First one is about the flavor. I have two big trees on by back acre. The flavor is more like butterscotch than maple. Why would that happen? Annyny health concerns with putting it in my coffee?? What I have started to do is bottle the syrup, and if it settles nicely, then the next day I re-bottle it by pouring off the clear syrup into a fresh jar and leaving the cloudy syrup and sand in the other bottle.
I use that cloudy syrup at home, and give away the clear syrup. I boil the jars and lids before bottling, but not afterwards. Others on this site have suggested turning the hot filled jar upside-down or boiling the filled jars. I am very afraid of leakage!!! We also have a small operation which is 3 hours north of where we live. We have a similar set up but find that the blocks keep cracking from the heat, also we set our pans on the top of the blocks for easier removal.
We have not found smoke to be a problem. This year we filtered thru a t-shirt then brought the sap home to finish off. We are in our second year of maple sugaring. It is a fun winter hobby!!! I live in Northern NJ and this year we have tapped 3 trees. They are possibly sugar maples or silver maples based on my location. I cook exclusively indoors 2 or 3 times a week, and my ratio is close to to My batches are generally 3 to 5 gallons of sap.
This cooks up to 9 to 15 oz of syrup at a time. My question for anyone: The length of the thermometer cools as the level of syrup in the pot lowers.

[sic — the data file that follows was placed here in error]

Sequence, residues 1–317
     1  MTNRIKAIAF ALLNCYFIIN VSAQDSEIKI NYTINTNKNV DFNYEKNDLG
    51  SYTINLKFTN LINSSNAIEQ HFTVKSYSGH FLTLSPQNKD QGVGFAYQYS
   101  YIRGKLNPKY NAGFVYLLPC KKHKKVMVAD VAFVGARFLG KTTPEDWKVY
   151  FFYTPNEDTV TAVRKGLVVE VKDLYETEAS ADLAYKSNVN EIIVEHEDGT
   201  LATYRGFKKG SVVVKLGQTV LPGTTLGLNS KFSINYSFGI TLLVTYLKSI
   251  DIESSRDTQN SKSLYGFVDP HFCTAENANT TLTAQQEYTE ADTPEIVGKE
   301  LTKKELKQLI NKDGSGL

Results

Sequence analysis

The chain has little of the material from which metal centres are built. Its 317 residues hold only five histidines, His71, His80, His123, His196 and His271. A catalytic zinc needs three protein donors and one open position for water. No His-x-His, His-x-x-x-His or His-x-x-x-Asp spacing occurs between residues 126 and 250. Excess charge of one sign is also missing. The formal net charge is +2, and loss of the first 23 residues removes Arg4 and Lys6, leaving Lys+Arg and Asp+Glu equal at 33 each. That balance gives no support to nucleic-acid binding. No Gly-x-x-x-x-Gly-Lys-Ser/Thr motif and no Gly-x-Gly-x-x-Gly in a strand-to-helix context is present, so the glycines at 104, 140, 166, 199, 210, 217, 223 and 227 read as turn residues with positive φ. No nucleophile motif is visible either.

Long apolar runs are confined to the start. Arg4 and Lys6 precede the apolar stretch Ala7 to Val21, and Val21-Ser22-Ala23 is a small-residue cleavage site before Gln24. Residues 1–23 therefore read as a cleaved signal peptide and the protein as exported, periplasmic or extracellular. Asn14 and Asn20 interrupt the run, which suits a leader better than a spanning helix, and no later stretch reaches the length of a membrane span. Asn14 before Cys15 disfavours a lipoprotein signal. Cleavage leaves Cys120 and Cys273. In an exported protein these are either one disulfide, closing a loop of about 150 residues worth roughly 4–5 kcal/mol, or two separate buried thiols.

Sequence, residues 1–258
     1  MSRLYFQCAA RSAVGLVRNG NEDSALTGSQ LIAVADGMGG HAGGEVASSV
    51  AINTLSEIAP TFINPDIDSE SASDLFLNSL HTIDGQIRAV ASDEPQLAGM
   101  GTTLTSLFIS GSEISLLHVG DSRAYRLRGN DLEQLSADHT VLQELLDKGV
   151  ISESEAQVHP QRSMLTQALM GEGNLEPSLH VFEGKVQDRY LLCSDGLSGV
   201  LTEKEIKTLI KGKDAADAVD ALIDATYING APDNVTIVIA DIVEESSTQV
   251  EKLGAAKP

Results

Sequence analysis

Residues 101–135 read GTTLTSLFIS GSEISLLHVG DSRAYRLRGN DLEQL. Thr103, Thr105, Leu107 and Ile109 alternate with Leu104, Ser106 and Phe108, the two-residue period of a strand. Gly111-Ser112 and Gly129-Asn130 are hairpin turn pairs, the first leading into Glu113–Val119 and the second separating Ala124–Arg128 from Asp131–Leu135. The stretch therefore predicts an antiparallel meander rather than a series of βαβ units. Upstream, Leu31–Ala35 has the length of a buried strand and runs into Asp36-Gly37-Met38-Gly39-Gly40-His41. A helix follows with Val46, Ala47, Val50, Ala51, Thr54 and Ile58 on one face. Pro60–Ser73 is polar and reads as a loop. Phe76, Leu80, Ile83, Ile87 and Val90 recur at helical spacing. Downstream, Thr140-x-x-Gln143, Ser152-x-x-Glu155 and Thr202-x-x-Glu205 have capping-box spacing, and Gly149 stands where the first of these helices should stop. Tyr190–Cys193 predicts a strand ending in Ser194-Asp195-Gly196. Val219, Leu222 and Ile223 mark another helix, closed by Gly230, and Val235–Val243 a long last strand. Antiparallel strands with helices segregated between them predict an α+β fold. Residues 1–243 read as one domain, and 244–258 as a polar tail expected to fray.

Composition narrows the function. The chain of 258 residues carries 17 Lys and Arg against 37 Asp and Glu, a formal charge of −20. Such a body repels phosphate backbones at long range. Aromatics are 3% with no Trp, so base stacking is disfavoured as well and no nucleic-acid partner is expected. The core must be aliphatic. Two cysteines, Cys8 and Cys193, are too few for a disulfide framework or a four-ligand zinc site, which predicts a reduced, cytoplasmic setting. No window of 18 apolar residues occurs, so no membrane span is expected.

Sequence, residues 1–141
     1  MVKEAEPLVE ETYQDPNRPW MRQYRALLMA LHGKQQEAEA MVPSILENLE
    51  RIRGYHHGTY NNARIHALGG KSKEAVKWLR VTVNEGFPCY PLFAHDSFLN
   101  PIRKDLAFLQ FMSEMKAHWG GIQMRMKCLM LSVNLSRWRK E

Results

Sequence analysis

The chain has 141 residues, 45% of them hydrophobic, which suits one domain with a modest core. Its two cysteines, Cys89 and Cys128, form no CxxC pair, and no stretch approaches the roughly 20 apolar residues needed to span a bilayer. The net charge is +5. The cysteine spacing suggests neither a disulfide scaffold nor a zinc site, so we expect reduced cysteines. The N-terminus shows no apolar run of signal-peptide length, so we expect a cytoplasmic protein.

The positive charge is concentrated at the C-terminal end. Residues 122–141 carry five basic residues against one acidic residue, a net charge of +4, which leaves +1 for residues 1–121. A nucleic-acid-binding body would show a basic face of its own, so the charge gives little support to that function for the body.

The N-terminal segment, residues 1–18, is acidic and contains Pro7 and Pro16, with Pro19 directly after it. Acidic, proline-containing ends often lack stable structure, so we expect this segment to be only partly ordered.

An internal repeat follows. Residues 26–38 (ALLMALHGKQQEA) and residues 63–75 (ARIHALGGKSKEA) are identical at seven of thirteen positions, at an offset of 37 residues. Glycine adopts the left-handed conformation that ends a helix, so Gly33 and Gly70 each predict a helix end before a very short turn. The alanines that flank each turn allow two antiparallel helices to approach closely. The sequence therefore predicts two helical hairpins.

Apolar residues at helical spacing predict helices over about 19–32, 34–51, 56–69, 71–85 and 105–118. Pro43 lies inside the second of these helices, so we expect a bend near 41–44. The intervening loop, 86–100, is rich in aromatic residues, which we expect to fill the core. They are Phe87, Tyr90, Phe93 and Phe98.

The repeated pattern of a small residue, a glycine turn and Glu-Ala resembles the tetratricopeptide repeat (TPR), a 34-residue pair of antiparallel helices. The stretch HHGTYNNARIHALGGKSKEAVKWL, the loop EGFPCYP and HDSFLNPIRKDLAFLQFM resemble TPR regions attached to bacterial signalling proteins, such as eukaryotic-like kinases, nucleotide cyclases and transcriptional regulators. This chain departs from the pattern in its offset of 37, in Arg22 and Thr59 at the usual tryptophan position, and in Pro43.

In fact, the temperature will drop instead of rise. If I use a smaller pot, then the syrup foams up and comes too close to the top. I have experience making candy from my childhood, so I know to watch for a change in the bubbling and foaming. I have stopped cooking when it looks syrupy, but it is always a little thinner than I would like.
I use a spoon to catch the syrup and watch it drip. Not the most reliable, but certainly effective for my purposes. You can buy a tester online for about 20 to 30 bucks. Otherwise if you take a spoon and and tip the syrup off it will be stringy when it is done.
Be careful because it will burn and boil over very quickly when it is close to being done. Or do I have to finish the entire process in one sitting? I always let my cooker go out at night and then start it back up the next day. So you should not have a problem. I want to thank you so much for your post and obvious love for your land. My first batch of maple syrup yielded almost What a sense of pride and accomplishment this brings!
Simply being able to share with family, friends and neighbors — and see the look on their faces — is a feeling that's hard to put into words. I can honestly say that your willingness to impart your knowledge and expertise has given many of us the courage to try this ourselves.
I'm already looking into expanding our little operation next year! Jar Option — Resource in Minneapolis Great blog, thank you all for sharing. Update for the Minneapolis metro area. We are running well, currently 30 gallons last Monday-Tuesday out of 6 taps, and another 15 gallons waiting to be collected after morning coffee. Next weeks forecast looks great too. I thought I would offer another choice to water bath canning. I was looking for a fancier jar and tried a commercial plastic cap with a foam seal on a 12 oz oval jar, identical jar to higher end syrup you would find in a glass jar at the grocery store.
I do sterilize and keep them in the oven at before filling. After filling simply screw on the cap and lay the bottle on its side till cool. The company is packaging concepts on glenwood ave. They were very friendly too. Obviously there are many online options but nice to know a local source if you are in the area. Too hot and you will get hard maple candy. I have jars that have some hard candy in. Hi, We have been making maple syrup for about 5 years now. We tap about trees. We cooked down our first batch this year which we cook all the way down to syrup in our outside pans and then bring it inside to reheat and bottle on the stove.